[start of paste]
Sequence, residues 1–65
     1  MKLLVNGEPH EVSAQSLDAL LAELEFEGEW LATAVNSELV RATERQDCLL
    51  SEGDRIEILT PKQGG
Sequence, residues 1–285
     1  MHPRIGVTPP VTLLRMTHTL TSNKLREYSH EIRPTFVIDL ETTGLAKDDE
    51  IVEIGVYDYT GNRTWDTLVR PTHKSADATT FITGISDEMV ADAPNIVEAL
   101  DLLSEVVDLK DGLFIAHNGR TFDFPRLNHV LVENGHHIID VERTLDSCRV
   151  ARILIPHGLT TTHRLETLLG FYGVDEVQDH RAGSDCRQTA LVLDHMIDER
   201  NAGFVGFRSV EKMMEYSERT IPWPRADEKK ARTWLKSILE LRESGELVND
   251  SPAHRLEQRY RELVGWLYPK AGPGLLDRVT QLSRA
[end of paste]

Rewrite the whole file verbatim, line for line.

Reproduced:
Sequence, residues 1–65
     1  MKLLVNGEPH EVSAQSLDAL LAELEFEGEW LATAVNSELV RATERQDCLL
    51  SEGDRIEILT PKQGG
Sequence, residues 1–285
     1  MHPRIGVTPP VTLLRMTHTL TSNKLREYSH EIRPTFVIDL ETTGLAKDDE
    51  IVEIGVYDYT GNRTWDTLVR PTHKSADATT FITGISDEMV ADAPNIVEAL
   101  DLLSEVVDLK DGLFIAHNGR TFDFPRLNHV LVENGHHIID VERTLDSCRV
   151  ARILIPHGLT TTHRLETLLG FYGVDEVQDH RAGSDCRQTA LVLDHMIDER
   201  NAGFVGFRSV EKMMEYSERT IPWPRADEKK ARTWLKSILE LRESGELVND
   251  SPAHRLEQRY RELVGWLYPK AGPGLLDRVT QLSRA